Among Green’s personnel management goals is “advertise, interview and fill vacant principal positions with the best candidates available” as soon as possible. Currently, Green is attempting to find a principal for Pioneer High School. She re-posted the position last month in an attempt to grow the applicant pool to be sure she hired the “best fit for the school,” Margolis said in an Oct. 12 article.

Margolis said on Friday that interviews for applicants yielded in the second round of the posting would begin that day.

Read’s August coverage of the school board’s annual retreat to see what trustees thought of Green’s 2012-13 goals.

Danielle Arndt covers K-12 education for Follow her on Twitter @DanielleArndt or email her at



Mon, Nov 5, 2012 : 7:20 p.m.

@AAparent: I would bet the rent for several years to come that the district paid for this out of an expense account. I can't be absolutely certain, of course(who would admit to this?) but that's my gut feeling for what it's worth. it seems to follow dr. green's time-honored habit of blowing her own horn. sign employee of the Ann Arbor Public School District who feels the need to use an Alias in order to keep "their" job.....

J. A. Pieper

Mon, Nov 5, 2012 : 10:37 p.m.

mady, I am a district employee also, have an alias so that I can freely speak my mind in this forum. This district is so far from being transparent, there has to be someone sharing what is really going on!


Mon, Nov 5, 2012 : 8:58 p.m.

@mady-thanks for this information. That makes a lot of sense that an expense account or line item the public will never know about. Would someone be able to guess how much it costs to create a website like this and maintain it? Do the other Balas administrators have this or only Green? It links to a twitter, LinkedIn and her amazon bookshelf. I thought Indeed was a job posting site. The site doesn't look like a template and says that it is "all rights reserved Patricia Green."


Mon, Nov 5, 2012 : 3:48 p.m.

I'm curious to learn more about the "Department of Physical Properties report" because past data show that the AAPS have many under-enrolled schools, especially at the elementary and middle school levels. Without this information, there can be no community discussion about consolidating some schools to use our limited resources most efficiently.

Danielle Arndt

Mon, Nov 5, 2012 : 9:54 p.m.

PhillyCheeseSteak, thank you for the comment. I've been told a report on enrollment and building capacity will be presented to the Board of Education in December. We'll be sure to let readers know the outcomes of the report and the information that is shared. If you are interested, the following is a link to an article we published in February looking at the district's building capacities: Thanks for reading.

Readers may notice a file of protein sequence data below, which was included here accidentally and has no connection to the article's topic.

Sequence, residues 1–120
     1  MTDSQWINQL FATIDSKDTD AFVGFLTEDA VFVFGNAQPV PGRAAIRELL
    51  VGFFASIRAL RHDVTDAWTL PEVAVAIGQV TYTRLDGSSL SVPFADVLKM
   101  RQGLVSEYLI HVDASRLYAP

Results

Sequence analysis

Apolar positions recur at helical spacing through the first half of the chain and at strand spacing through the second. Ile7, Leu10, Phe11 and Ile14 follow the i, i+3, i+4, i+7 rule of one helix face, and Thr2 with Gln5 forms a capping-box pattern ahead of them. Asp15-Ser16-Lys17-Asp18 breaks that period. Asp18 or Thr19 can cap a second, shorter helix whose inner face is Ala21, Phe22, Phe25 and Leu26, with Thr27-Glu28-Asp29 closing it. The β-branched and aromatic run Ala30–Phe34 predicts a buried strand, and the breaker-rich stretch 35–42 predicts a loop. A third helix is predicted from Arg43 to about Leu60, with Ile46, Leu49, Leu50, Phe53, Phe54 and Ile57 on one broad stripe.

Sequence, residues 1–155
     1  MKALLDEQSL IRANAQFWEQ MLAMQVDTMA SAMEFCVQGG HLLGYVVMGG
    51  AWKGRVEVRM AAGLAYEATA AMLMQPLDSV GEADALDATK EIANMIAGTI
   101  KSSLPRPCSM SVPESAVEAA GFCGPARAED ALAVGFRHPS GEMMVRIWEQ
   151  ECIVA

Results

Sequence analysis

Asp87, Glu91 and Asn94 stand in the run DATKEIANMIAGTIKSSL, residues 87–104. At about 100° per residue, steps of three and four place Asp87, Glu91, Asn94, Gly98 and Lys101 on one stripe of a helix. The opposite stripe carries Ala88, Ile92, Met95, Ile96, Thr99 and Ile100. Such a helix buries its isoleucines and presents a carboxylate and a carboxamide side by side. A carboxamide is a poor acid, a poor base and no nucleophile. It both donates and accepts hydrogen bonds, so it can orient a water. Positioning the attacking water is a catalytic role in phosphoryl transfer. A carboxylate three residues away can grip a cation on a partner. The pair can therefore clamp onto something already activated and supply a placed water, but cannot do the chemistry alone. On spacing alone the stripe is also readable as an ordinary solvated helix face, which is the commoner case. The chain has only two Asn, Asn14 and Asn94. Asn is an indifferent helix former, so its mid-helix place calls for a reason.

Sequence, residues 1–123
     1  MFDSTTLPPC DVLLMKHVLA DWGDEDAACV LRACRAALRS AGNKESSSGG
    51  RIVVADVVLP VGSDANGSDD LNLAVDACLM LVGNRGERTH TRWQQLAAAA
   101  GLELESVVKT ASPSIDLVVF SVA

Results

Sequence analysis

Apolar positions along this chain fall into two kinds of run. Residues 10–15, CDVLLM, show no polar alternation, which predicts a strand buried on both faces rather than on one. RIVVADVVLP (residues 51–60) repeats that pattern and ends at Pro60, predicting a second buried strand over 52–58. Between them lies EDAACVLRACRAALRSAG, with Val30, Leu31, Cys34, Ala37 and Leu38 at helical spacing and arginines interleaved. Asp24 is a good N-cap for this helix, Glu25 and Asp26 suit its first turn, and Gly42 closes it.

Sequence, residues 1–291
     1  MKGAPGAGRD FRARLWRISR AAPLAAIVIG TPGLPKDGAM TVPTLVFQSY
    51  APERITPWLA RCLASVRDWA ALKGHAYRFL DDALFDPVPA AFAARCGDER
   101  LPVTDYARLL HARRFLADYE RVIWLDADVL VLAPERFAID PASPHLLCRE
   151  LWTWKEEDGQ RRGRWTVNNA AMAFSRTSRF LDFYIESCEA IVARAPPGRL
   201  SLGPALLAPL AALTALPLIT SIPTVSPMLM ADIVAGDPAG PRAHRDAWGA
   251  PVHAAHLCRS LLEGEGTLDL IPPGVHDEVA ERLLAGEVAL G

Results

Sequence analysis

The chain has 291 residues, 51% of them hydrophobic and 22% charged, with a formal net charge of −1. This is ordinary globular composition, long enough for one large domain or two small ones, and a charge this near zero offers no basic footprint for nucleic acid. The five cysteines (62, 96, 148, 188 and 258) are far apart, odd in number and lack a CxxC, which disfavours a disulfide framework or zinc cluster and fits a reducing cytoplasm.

Mon, Nov 5, 2012 : 3:04 p.m.

I really hope this guru tells this Green lady to cut the administration in Balias. I means she says to cut personnel. So? Where are the cuts? O wait, I see it is the spokes not the hub. Green? Get real and cut Balias to the bone. There is too much waste.


Mon, Nov 5, 2012 : 10:47 p.m.

Actually under 1st Amendment and right to know law, we may just make that thing public.

Angry Moderate

Mon, Nov 5, 2012 : 5:04 p.m.

One of the reports claims that they already did cut administration...yeah right. Of course, the report is confidential.


Mon, Nov 5, 2012 : 2:17 p.m.

How about #1. Smaller class sizes???


Mon, Nov 5, 2012 : 2:12 p.m.

"...and a report on the Information Technology Department report." Does this seem redundant to anyone else? Sounds like more unnecessary administrative "make-work".


Mon, Nov 5, 2012 : 4:36 p.m.

I believe that is filed by the Department of Redundancy Department.

Ron Granger

Mon, Nov 5, 2012 : 2:11 p.m.

Keeping the goals as 'draft', and blocking their release until well into the school year, speaks volumes about the lack of real leadership and transparency. This document should have been published right after the "retreat", and there should have been a board meeting with an opportunity for public comment. This appears to satisfy the board, who just seem to want someone they can "fabulously" praise. When do we get to see those reports?